Expectations from the BRI
Once President Xi Jinping’s brainchild Belt and Road Initiative shall be implemented, Asian nations will be connected with countries in Europe, America, Africa and beyond thus greatly contributing in enhancing trade as well as interactions on combating terrorism and trafficking. Moreover, BRI shall open the prospect of inter-nation relations at the people-to-people level, which will help in boosting the tourism industry in particular.
President Xi Jinping role as an Asian leader
President Xi Jinping has already emerged as the most dynamic leader in Asian with magnanimous visions, which would help in promoting the brand ‘Asia’ to other continents. Moreover, China is committed to combating religious extremism and militancy, which would be of immense benefit to most of the nations in the world, especially those which currently are fighting such evil forces.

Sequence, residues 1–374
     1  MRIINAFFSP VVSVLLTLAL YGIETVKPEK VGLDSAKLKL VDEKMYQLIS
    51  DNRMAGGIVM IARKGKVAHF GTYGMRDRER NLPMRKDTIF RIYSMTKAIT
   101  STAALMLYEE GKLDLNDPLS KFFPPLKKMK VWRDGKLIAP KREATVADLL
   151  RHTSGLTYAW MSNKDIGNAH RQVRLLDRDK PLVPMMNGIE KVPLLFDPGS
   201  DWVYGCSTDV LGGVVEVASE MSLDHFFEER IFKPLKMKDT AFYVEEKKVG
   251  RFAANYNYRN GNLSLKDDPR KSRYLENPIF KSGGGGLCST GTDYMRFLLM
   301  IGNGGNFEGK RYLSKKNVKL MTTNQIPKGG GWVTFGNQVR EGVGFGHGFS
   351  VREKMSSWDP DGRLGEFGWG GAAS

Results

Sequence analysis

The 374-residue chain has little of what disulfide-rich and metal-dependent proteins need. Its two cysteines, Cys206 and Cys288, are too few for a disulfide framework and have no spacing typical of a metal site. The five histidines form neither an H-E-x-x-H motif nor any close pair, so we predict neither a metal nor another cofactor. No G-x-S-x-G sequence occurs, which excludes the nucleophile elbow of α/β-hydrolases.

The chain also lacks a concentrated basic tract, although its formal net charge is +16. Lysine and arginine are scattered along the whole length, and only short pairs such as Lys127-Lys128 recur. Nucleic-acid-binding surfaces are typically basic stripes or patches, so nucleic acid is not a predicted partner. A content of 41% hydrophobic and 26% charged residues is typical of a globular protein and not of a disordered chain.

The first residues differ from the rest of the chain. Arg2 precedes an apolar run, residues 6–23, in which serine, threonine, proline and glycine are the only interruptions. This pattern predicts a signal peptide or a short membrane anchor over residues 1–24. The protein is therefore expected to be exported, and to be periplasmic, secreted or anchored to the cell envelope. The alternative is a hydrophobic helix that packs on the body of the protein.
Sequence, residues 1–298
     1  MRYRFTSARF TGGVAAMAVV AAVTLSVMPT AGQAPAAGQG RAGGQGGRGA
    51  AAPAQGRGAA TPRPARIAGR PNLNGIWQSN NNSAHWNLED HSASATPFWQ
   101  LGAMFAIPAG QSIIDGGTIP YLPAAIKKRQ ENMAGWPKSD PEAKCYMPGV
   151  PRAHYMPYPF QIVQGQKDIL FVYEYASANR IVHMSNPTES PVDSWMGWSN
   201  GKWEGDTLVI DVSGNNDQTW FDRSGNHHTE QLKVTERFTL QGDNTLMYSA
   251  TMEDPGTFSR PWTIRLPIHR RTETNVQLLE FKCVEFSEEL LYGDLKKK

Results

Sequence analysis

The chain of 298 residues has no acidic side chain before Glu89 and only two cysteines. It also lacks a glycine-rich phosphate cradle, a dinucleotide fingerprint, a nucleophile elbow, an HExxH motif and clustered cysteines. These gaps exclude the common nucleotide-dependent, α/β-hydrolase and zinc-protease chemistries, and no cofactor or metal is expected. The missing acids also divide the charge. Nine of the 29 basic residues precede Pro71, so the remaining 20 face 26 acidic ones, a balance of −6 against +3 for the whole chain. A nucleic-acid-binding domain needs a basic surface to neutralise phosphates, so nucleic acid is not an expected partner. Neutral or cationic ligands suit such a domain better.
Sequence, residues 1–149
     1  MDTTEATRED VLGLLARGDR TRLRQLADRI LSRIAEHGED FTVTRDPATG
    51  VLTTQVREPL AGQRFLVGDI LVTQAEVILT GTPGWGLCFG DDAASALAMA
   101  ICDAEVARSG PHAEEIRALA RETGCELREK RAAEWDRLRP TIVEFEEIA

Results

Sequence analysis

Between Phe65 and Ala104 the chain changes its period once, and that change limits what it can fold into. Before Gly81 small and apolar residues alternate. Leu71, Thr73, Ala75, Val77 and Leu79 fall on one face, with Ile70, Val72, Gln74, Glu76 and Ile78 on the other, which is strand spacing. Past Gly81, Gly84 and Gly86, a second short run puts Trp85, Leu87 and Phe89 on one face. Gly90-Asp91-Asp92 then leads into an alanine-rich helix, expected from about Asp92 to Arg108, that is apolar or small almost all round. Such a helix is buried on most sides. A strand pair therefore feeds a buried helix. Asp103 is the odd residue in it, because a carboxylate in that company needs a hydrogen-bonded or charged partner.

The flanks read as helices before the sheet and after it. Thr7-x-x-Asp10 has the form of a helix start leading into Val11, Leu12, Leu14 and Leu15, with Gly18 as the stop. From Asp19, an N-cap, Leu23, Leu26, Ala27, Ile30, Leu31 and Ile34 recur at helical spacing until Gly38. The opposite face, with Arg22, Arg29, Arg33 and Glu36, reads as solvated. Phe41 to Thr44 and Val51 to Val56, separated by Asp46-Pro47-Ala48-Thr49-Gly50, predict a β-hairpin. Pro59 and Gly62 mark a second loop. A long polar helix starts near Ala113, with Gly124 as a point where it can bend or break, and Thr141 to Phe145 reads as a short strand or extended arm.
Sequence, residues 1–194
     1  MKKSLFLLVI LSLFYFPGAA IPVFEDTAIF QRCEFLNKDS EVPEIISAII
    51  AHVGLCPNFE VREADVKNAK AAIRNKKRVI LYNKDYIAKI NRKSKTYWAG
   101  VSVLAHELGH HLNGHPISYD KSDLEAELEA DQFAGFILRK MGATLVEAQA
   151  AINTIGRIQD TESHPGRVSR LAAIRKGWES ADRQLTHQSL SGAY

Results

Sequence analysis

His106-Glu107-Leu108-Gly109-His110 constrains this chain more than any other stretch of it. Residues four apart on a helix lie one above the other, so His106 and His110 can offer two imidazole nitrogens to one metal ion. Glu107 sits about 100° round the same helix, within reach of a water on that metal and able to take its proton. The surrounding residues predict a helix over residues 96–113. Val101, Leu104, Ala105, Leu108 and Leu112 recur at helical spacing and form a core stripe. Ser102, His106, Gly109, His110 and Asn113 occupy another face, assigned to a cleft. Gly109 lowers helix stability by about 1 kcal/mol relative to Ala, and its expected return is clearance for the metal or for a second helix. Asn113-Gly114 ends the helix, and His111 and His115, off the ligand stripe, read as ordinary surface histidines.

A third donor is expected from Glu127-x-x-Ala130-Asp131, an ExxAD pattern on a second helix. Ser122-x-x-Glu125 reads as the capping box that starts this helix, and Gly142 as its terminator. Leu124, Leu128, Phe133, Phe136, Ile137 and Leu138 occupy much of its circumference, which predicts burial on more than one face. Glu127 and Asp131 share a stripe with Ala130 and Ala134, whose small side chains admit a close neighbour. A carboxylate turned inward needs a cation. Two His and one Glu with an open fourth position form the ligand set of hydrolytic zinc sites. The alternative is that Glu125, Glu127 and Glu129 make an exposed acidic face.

One of the significant policies of President Xi Jinping is, he is willing to let all other nations in Asia, Africa and beyond prosper. This is called – together we prosper, meaning China and particularly President Xi is going to set the excellent example of sharing prosperity and happiness with other neighboring nations in Asia and the world.
With the advancement of technology, the word global village is gradually becoming a reality and looking into the future of this world, BRI is the most dynamic and timely initiative for the betterment of every participant nation.
Salah Uddin Shoaib Choudhury is the editor of Blitz. Follow him on Twitter at Salah_Shoaib